Oxygen tension regulates osteoblast function

  • Tuncay O
  • Ho D
  • Barker M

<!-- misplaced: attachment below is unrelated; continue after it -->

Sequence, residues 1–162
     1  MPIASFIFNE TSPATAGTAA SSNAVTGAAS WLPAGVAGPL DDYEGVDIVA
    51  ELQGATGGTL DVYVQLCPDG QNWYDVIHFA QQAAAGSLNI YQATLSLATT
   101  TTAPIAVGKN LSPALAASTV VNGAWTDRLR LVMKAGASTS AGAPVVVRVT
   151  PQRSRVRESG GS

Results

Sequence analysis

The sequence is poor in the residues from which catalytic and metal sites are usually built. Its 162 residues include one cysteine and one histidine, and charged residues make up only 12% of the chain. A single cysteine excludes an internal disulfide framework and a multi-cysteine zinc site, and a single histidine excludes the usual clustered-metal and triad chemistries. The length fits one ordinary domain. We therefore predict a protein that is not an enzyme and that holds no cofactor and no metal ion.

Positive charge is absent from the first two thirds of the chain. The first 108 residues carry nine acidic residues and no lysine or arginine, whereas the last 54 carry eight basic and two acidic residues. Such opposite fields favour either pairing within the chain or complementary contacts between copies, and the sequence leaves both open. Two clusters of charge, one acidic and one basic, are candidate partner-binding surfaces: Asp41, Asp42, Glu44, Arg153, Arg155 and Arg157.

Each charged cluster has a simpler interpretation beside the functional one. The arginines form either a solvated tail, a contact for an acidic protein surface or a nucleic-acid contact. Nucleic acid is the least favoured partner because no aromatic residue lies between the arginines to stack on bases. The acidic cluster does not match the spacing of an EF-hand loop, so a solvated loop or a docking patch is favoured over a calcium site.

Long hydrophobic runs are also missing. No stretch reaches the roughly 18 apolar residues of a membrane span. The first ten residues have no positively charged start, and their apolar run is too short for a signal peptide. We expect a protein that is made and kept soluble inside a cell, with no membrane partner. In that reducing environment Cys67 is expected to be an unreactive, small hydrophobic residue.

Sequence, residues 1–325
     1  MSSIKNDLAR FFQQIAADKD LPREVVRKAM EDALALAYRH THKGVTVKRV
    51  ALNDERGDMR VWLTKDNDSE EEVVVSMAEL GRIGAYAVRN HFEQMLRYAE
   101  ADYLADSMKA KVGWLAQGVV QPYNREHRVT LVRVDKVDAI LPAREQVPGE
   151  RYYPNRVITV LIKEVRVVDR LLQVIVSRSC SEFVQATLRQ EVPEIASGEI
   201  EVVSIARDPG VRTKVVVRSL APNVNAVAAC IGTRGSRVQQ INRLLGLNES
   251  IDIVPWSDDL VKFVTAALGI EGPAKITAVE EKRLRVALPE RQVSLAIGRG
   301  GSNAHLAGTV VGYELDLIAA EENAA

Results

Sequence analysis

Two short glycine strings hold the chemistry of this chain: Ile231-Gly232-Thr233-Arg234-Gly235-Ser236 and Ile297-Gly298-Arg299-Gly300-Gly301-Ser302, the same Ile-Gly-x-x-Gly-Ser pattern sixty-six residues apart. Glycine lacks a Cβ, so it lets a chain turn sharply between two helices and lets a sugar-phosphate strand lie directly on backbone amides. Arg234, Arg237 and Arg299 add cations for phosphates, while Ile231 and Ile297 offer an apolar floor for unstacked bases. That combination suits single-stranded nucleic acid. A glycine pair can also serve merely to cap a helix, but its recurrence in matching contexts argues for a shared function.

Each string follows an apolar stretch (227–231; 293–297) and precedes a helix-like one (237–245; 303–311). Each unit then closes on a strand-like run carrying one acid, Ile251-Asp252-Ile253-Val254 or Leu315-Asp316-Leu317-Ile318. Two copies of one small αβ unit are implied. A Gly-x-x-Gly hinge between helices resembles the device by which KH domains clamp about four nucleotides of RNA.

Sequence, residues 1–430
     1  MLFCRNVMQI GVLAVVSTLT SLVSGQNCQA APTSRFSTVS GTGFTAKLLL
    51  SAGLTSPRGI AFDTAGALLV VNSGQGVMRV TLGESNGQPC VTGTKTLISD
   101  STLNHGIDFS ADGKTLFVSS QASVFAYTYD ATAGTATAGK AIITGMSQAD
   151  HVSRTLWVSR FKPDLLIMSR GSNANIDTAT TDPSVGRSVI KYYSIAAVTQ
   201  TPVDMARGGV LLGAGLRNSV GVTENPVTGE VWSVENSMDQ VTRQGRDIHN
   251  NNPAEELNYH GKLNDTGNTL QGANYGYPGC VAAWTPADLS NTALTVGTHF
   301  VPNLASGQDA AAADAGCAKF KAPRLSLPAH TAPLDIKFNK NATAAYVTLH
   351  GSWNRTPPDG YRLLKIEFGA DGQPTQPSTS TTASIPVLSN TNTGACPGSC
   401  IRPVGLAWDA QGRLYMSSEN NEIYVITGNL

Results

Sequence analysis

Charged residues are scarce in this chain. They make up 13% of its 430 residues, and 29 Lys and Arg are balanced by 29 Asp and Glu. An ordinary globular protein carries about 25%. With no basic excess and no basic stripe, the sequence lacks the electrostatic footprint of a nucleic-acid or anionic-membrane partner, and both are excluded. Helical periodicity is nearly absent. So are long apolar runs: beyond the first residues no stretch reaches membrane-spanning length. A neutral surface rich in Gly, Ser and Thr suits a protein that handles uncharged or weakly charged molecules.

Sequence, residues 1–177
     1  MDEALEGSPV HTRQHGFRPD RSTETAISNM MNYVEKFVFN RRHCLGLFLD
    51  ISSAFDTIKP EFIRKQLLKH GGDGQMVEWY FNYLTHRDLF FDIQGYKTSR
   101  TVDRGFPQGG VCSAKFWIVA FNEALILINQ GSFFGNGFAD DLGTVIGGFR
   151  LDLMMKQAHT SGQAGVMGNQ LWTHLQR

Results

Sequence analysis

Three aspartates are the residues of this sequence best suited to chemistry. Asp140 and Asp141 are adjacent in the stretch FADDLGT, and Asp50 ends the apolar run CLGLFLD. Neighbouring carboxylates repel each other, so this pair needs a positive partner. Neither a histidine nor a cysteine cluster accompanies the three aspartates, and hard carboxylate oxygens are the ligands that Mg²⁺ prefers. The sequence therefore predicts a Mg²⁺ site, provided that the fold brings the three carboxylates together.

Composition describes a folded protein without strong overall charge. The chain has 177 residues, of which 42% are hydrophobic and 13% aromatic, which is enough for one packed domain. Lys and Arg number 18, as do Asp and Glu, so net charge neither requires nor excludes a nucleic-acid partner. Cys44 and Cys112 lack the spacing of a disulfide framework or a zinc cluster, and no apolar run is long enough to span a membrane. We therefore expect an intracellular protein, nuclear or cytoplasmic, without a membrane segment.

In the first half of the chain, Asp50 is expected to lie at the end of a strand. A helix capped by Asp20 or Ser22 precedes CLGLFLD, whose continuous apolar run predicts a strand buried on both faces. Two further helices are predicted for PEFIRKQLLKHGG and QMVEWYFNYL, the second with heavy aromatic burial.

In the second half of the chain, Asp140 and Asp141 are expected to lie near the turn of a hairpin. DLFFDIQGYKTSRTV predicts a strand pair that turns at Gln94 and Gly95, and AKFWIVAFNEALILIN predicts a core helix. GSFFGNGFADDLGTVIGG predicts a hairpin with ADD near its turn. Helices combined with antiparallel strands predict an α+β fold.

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Abrupt changes in oxygen availability within the periodontium have been suggested to have a regulatory role in alveolar bone remodeling during tooth movement; arguably, similar to that seen in bone growth or fracture healing. The purpose of this investigation was therefore to study the effects of ambient hypoxia and hyperoxia on osteoblast function in vitro. Osteoblast-enriched cultures from fetal rat calvariae were exposed to atmospheres of hyperoxia (90% O2) and hypoxia (10% O2) and assayed for media pH, PO2, pCO2, cellular proliferation, alkaline phosphatase (AP) activity, and collagen synthesis. Results of this study show that in low ambient oxygen tension cellular proliferation increases, whereas the AP activity, collagen synthesis, media PO2, PCO2decreases. In contrast, in hyperoxic conditions cellular proliferation is suppressed with concomitant increases in: AP activity, collagen synthesis, and partial pressures for oxygen and carbon dioxide. Media pH remained unaffected. In crossover experiments, where cells were initially grown in hypoxic conditions and were switched to hyperoxic conditions, their metabolic activities were abruptly reversed. These findings in conjunction with earlier reports, suggest a triggering role for oxygen tension (an environmental factor) in bone remodeling. (AM J ORTHOD DENTOFAC ORTHOP 1994;105:457-63.). © 1997.

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